House of Tolerance

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House of Tolerance
Lapollonide-poster.png
French poster
Directed by Bertrand Bonello
Produced by Kristina Larsen
Bertrand Bonello
Written by Bertrand Bonello
Starring Hafsia Herzi
Céline Sallette
Jasmine Trinca
Adèle Haenel
Alice Barnole
Iliana Zabeth
Noémie Lvovsky
Music by Bertrand Bonello
Cinematography Josée Deshaies
Edited by Fabrice Rouaud
Production
  company
Les Films du Lendemain
My New Picture
Distributed by Haut et Court
Release date(s)
Running time 125 minutes
Country France
Language French
Budget € 3.8 million

House of Tolerance (French: L'Apollonide: Souvenirs de la maison close, also known as House of Pleasures), is 2011 French drama film directed by Bertrand Bonello,[1] starring Céline Sallette, Hafsia Herzi, Jasmine Trinca, Adèle Haenel, Alice Barnole, Iliana Zabeth and Noémie Lvovsky. The film premiered In Competition at the 2011 Cannes Film Festival.

Plot[edit]

The story is set in a luxurious Parisian brothel (a maison close, like Le Chabanais) in the dawning of the 20th century and follows the closeted life of a group of prostitutes: their rivalries, their hopes, their fears, their pleasures, and their pains.

Cast[edit]

Production[edit]

Members of the cast and producers at the 2012 Prix Lumières. Left to right: Bertrand Bonello, Iliana Zabeth, Pauline Jacquard, Maïa Sandoz, Judith Lou Lévy, Alice Barnole, Adèle Haenel, Noémie Lvovsky, unidentified.

The genesis of the project was a merge of two film ideas Bertrand Bonello had been thinking of. About ten years earlier he had tried to make a film about modern brothels, but the project had been cancelled. After finishing On War from 2008, Bonello decided that he wanted his next film to be about dynamics within a group of females, and his partner suggested a film about prostitutes in a historical setting. The director then became interested in the aspect of a brothel as a closed world from the viewpoint of the prostitutes. The idea of a scar in the form of a smile came from the film The Man Who Laughs, an adaptation of Victor Hugo's novel with the same name. Bonello says he dreamed about the film two nights in a row while he was writing House of Tolerance, and decided to include a female character with such a scar.[2]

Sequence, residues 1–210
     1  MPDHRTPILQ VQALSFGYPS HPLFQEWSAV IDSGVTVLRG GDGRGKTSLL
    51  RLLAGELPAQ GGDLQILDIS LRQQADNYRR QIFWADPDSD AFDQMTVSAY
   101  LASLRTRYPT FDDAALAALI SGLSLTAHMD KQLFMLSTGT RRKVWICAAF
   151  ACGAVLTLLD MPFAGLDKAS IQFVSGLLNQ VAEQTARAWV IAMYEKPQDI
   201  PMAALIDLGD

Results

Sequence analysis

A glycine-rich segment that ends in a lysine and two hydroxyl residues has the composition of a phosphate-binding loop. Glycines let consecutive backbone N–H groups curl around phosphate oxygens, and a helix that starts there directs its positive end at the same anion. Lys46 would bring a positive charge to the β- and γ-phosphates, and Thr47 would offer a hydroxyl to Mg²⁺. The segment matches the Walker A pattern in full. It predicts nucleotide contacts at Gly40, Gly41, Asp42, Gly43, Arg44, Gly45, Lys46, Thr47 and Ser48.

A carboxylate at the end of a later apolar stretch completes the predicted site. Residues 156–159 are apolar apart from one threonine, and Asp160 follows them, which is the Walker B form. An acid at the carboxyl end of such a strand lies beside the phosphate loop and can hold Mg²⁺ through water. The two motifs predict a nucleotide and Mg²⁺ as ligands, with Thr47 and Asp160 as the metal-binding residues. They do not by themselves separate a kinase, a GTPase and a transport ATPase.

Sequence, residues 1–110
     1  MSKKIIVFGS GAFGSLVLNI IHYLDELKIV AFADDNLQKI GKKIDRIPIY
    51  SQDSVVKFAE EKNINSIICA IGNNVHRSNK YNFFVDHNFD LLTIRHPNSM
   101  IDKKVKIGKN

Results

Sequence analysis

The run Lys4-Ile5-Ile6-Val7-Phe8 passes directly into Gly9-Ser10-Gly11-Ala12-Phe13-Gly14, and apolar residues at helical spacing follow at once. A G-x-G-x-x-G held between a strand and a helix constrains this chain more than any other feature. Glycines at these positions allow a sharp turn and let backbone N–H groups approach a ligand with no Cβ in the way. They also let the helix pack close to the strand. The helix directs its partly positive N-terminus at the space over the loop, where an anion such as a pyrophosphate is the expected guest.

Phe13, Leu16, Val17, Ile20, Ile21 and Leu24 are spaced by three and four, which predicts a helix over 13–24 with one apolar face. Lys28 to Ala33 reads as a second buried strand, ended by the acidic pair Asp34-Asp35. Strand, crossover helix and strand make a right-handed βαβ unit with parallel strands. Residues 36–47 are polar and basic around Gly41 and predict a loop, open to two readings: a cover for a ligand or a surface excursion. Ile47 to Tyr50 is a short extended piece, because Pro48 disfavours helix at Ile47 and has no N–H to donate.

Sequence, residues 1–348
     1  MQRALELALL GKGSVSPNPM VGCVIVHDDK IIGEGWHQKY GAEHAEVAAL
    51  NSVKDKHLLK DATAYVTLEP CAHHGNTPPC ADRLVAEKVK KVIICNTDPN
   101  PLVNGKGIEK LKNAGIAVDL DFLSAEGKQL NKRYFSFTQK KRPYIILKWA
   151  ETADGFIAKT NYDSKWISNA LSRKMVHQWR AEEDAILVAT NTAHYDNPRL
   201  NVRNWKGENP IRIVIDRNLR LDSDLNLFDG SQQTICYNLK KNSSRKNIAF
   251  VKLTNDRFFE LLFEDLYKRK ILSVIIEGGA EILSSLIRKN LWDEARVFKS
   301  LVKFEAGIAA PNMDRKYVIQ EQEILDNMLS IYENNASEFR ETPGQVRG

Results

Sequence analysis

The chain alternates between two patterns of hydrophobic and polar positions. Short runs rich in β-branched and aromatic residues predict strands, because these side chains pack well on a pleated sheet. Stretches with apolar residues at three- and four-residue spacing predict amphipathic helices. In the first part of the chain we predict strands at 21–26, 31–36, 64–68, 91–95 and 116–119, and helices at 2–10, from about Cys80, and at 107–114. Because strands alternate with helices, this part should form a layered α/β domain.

The film was a co-production between Les Films du Lendemain and the director's company My New Picture, in collaboration with Arte France Cinéma. The production received 540,000 euro from the CNC and 416,000 euro from the Île-de-France region, as well as pre-sales investment from Canal+ and CinéCinéma.[3][4] The total budget was 3.8 million euro.[5] Casting took almost nine months. Bonello wanted a mixed ensemble of both professionals and amateurs who above all worked well together as a group.[2]

Filming started in Saint-Rémy-lès-Chevreuse on 31 May 2010 and lasted eight weeks.[3] The film was recorded on one continuous set, which allowed the camera to move between each room without cuts. Bonello chose to focus the camera on the girls and almost never their clients. He explained: "it reinforces the impression that the prostitute is above the client. I told the actresses: 'Be careful, I want twelve intelligent girls.' It was really important for me: they're not being fooled, they are strong women."[2]

Release[edit]

The film had its premiere at the 2011 Cannes Film Festival where it played In Competition on 16 May 2011.[6] It was the fourth time a film by Bonello was screened at the festival, and the second time in the main competition, after Tiresia from 2003.[5] Haut et Court distributed the film in France, where it was released on 21 September 2011.[7]

References[edit]

  1. ^ Smith, Ian Hayden (2012). International Film Guide 2012. p. 118. ISBN 978-1908215017. 
  2. ^ a b c Adler, Laure (April 2011). "Conversation between Bertrand Bonello and Laure Adler". English press kit L'Apollonide. Films Distribution. Retrieved 2011-05-08. 
  3. ^ a b Lemercier, Fabien (2010-05-24). "Bonello starts shooting on brothel-set L'Apollonide". Cineuropa. Retrieved 2011-04-14. 
  4. ^ Lemercier, Fabien (2010-06-01). "Ile-de-France backs Free Men". Cineuropa. Retrieved 2011-04-14. 
  5. ^ a b Lemercier, Fabien (2011-04-15). "Bold trio Cavalier, Bonello and Maïwenn in race for Palme d'Or". Cineuropa. Retrieved 2011-04-15. 
  6. ^ "Horaires 2011". festival-cannes.com (in French). Cannes Film Festival. Retrieved 2011-05-07. 
  7. ^ "L'Apollonide – souvenirs de la maison close". AlloCiné (in French). Tiger Global. Retrieved 2011-04-14. 

External links[edit]